January 11, 2002 3:25 PM PST
Judge tosses Microsoft schools settlement
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In his 21-page ruling, U.S. District Judge J. Fredrick Motz agreed with opponents that the proposed deal in the antitrust cases would itself be anti-competitive. He also said that the private cases had not been developed far enough to determine the extent of damages that could have been obtained through litigation.
Under terms of the proposal, Microsoft would have given $1 billion in money, software, services and training to about 12,500 underprivileged public schools. The company also would have given about one million Windows licenses for refurbished PCs donated to the schools.
The judge concluded that the level of funding for the schools and for a private foundation to administer the donations was insufficient, a shortfall that was "more acutely problematic when viewed in the context of the proposed settlement's potential adverse impact on competition."
Opponents of the settlement proposal, including Apple Computer, had argued that the proposal was anti-competitive, as it would help Microsoft make software gains in the education market.
Microsoft expressed dissatisfaction with the ruling--and optimism that it would eventually carry the day in the court proceedings.
"Microsoft really went the extra mile in trying to put together this settlement proposal," said Tom Burt, Microsoft's deputy general counsel, during a conference call with the media on Friday afternoon. "We thought it was creative, we thought it was a way to resolve litigation and bring some real benefits to the neediest school children in the country."
Burt could not immediately say if new negotiations were possible, but he emphasized, "Microsoft has no plans to appeal this determination," referring to the ruling.
On the surface, Motz wrote, the proposal would appear to be "platform neutral...However, the agreement raises legitimate questions since it appears to provide a means for flooding part of the kindergarten through high school market--in which Microsoft has not traditionally been the strongest player, particularly in relation to Apple--with Microsoft software and refurbished PCs."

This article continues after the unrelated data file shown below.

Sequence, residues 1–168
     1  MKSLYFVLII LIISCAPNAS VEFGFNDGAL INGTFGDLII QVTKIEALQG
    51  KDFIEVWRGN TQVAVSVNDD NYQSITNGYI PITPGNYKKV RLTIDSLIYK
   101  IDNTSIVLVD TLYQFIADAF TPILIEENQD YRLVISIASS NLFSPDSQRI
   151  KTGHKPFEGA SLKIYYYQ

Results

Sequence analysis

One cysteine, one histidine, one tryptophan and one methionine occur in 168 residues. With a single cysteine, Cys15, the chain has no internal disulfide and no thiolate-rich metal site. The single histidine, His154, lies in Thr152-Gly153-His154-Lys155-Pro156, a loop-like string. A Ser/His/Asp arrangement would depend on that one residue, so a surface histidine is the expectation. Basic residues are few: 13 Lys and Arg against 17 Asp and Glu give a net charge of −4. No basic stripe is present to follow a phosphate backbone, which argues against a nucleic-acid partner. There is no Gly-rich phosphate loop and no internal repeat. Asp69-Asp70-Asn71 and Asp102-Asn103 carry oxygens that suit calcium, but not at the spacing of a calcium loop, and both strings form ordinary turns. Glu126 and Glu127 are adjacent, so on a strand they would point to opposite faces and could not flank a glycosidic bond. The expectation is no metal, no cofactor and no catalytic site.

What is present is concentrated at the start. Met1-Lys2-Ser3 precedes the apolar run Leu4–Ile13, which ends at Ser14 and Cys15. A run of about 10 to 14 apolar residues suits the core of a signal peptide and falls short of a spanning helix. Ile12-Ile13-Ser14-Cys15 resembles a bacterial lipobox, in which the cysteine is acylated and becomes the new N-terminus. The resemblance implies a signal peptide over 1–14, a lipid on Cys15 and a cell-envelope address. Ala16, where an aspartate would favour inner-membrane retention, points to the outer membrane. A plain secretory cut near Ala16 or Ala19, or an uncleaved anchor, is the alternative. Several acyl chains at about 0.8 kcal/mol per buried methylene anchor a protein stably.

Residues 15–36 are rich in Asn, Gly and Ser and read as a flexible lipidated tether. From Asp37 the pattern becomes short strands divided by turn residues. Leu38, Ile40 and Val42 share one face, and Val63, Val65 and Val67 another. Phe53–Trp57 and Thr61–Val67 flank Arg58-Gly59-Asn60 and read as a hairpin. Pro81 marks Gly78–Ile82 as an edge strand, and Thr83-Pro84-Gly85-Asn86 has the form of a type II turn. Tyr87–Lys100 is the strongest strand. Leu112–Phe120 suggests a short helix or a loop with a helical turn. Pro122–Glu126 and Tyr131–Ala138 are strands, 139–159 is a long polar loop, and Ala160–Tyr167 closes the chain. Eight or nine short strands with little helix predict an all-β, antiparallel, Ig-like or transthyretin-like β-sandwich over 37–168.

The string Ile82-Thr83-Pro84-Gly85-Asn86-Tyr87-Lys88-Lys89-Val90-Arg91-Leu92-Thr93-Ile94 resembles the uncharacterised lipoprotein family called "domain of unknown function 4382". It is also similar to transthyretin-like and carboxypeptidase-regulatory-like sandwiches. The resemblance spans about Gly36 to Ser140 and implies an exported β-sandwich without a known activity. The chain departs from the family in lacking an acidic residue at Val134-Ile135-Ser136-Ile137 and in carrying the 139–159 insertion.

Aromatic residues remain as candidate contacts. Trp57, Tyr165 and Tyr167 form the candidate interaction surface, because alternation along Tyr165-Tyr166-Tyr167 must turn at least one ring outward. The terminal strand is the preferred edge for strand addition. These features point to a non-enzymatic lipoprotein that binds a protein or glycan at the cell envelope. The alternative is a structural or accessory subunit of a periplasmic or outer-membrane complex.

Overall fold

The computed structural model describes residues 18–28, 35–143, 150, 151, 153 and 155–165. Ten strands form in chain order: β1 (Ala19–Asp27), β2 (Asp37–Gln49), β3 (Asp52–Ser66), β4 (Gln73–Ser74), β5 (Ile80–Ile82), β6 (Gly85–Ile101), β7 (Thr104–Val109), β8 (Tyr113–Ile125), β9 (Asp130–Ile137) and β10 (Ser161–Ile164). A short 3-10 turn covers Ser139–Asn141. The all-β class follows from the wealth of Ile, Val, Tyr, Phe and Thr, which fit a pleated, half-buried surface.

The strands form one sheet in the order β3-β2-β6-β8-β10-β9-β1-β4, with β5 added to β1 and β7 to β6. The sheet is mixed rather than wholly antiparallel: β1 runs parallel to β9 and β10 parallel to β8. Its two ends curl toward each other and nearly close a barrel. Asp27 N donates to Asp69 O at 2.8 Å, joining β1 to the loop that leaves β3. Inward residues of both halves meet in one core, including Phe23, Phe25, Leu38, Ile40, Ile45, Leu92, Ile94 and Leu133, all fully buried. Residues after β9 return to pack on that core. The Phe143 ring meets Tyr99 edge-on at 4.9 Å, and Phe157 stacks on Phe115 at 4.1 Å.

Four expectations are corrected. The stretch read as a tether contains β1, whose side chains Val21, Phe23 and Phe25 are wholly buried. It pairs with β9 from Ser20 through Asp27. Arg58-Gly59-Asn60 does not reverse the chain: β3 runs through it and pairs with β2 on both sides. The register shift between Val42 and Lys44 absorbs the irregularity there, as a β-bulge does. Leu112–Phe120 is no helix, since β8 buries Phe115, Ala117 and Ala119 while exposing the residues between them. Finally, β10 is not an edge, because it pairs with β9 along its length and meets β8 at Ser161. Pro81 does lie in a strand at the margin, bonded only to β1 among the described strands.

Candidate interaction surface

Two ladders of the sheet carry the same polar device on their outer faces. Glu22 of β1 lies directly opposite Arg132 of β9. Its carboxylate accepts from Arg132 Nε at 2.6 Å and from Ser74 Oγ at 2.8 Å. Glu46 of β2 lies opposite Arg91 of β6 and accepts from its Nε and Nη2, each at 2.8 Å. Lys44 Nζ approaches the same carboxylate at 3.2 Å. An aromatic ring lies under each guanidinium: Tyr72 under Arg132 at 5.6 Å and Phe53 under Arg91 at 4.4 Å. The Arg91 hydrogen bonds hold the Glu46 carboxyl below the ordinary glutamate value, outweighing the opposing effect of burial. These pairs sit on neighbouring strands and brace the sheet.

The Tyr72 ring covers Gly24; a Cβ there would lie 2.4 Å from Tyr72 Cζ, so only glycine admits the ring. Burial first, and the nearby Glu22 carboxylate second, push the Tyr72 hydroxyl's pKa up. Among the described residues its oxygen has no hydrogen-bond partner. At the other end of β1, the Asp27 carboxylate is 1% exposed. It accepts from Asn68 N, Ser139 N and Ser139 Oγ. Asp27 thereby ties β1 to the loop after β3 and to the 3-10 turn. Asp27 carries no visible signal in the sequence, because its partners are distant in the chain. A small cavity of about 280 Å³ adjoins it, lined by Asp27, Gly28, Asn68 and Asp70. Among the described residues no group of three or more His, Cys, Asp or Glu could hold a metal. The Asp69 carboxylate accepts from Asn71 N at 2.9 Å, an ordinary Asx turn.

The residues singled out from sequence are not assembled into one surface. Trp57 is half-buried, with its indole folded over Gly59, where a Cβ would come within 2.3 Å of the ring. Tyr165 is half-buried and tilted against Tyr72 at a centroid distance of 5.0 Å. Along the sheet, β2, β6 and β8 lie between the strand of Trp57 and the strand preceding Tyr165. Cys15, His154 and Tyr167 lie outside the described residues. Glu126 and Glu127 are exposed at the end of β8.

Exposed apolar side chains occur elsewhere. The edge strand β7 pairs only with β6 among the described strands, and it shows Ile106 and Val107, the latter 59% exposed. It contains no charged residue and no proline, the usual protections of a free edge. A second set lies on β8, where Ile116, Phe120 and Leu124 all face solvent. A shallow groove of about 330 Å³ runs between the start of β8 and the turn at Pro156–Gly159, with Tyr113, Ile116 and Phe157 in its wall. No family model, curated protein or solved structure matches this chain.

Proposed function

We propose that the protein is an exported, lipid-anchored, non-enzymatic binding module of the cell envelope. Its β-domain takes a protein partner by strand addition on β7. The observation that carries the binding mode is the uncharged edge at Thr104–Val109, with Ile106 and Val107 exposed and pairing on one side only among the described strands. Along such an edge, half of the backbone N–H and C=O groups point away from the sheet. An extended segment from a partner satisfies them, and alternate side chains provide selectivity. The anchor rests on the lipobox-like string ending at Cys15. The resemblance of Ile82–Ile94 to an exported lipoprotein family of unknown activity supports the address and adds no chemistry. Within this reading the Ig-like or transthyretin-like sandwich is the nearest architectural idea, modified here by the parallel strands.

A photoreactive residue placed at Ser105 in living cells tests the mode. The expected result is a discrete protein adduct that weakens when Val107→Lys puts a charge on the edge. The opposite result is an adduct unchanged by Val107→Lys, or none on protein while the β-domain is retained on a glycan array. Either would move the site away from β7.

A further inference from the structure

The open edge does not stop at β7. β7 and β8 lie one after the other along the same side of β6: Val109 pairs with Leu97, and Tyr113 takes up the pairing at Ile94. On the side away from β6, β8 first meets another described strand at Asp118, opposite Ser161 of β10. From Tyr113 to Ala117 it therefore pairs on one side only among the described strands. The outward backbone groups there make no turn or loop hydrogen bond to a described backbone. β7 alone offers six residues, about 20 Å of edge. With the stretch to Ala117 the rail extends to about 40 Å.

Motz noted that refurbished computers donated to schools largely come from government agencies, "and 95 percent of them use PCs rather than Macs." He concluded that this factor would lead to an "increase in the number of PCs, both absolutely and in comparison to Macs, being used by eligible schools." The likely outcome would be a decline in the development of software designed for use in the Apple computers, further reducing the attractiveness of Apple products over time, he said.
Giving away software to schools also raises antitrust concerns, Motz concluded. He agreed with opponents who argued that the software giveaway could be viewed as "court-approved predatory pricing."
Gartner analyst David Smith says although the initial Microsoft settlement was interesting, perhaps it was too good to be true.
Motz also rejected the deal because he concluded that the court record had not been developed enough to reasonably assess what damages the plaintiffs might have obtained in court. He added that the $1 billion value did not fall into "the range of possible approval."
"In other words, it is too low," Lande said.
In December, Apple suggested that Microsoft give $1 billion in cash, letting the schools buy whatever software or computers they wanted. Apple could not yet be reached for comment on Friday's ruling.
Plaintiff attorneys split
Microsoft wasn't the only party dismayed by Motz's ruling on Friday--so were a number of the plaintiffs.
"We're disappointed, of course, in the outcome," said Dan Small, an attorney with Washington, D.C.-based Cohen Milstein Hausfeld and Toll. The firm represented the largest group of the cases, those that had been consolidated in federal court.
"We worked hard to put together a settlement that we believe would have done a lot of good for the most disadvantaged schoolchildren in this country," Small said. "But we respect and understand the court's decision, and we are now prepared to aggressively litigate the case against Microsoft."
Another group of attorneys, led by Eugene Crew of Townsend, Townsend & Crew in San Francisco, led a California coalition of plaintiff attorneys who opposed the deal.